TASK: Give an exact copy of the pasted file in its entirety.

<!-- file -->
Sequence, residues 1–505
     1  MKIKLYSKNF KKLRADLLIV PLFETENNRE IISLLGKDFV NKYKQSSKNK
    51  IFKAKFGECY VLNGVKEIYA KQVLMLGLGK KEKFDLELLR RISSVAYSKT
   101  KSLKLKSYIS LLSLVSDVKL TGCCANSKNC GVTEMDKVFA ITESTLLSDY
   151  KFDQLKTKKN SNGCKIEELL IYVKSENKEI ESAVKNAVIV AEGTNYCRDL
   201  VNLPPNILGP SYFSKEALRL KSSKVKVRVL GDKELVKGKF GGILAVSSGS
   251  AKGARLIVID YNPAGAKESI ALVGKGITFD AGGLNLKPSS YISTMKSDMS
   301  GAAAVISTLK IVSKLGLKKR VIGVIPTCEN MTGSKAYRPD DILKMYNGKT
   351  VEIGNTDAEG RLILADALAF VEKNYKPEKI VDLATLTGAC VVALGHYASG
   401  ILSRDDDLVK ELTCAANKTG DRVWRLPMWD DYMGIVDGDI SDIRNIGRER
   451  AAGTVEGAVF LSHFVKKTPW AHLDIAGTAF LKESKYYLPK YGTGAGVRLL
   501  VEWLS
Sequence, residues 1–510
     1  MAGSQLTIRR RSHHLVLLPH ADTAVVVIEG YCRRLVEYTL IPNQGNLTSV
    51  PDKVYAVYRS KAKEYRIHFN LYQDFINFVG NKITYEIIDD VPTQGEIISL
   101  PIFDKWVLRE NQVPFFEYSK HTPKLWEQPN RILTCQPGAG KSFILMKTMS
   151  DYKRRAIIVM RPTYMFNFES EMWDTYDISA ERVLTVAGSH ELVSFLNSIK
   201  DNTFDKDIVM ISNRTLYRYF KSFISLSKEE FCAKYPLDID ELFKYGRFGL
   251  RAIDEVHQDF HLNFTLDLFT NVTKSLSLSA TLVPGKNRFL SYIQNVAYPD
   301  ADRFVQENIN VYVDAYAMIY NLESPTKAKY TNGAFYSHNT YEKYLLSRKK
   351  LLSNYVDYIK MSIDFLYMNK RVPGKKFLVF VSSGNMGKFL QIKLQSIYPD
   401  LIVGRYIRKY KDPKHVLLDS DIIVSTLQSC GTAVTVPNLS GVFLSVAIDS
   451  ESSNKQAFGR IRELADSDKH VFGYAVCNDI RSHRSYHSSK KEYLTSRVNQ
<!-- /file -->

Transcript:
Sequence, residues 1–505
     1  MKIKLYSKNF KKLRADLLIV PLFETENNRE IISLLGKDFV NKYKQSSKNK
    51  IFKAKFGECY VLNGVKEIYA KQVLMLGLGK KEKFDLELLR RISSVAYSKT
   101  KSLKLKSYIS LLSLVSDVKL TGCCANSKNC GVTEMDKVFA ITESTLLSDY
   151  KFDQLKTKKN SNGCKIEELL IYVKSENKEI ESAVKNAVIV AEGTNYCRDL
   201  VNLPPNILGP SYFSKEALRL KSSKVKVRVL GDKELVKGKF GGILAVSSGS
   251  AKGARLIVID YNPAGAKESI ALVGKGITFD AGGLNLKPSS YISTMKSDMS
   301  GAAAVISTLK IVSKLGLKKR VIGVIPTCEN MTGSKAYRPD DILKMYNGKT
   351  VEIGNTDAEG RLILADALAF VEKNYKPEKI VDLATLTGAC VVALGHYASG
   401  ILSRDDDLVK ELTCAANKTG DRVWRLPMWD DYMGIVDGDI SDIRNIGRER
   451  AAGTVEGAVF LSHFVKKTPW AHLDIAGTAF LKESKYYLPK YGTGAGVRLL
   501  VEWLS
Sequence, residues 1–510
     1  MAGSQLTIRR RSHHLVLLPH ADTAVVVIEG YCRRLVEYTL IPNQGNLTSV
    51  PDKVYAVYRS KAKEYRIHFN LYQDFINFVG NKITYEIIDD VPTQGEIISL
   101  PIFDKWVLRE NQVPFFEYSK HTPKLWEQPN RILTCQPGAG KSFILMKTMS
   151  DYKRRAIIVM RPTYMFNFES EMWDTYDISA ERVLTVAGSH ELVSFLNSIK
   201  DNTFDKDIVM ISNRTLYRYF KSFISLSKEE FCAKYPLDID ELFKYGRFGL
   251  RAIDEVHQDF HLNFTLDLFT NVTKSLSLSA TLVPGKNRFL SYIQNVAYPD
   301  ADRFVQENIN VYVDAYAMIY NLESPTKAKY TNGAFYSHNT YEKYLLSRKK
   351  LLSNYVDYIK MSIDFLYMNK RVPGKKFLVF VSSGNMGKFL QIKLQSIYPD
   401  LIVGRYIRKY KDPKHVLLDS DIIVSTLQSC GTAVTVPNLS GVFLSVAIDS
   451  ESSNKQAFGR IRELADSDKH VFGYAVCNDI RSHRSYHSSK KEYLTSRVNQ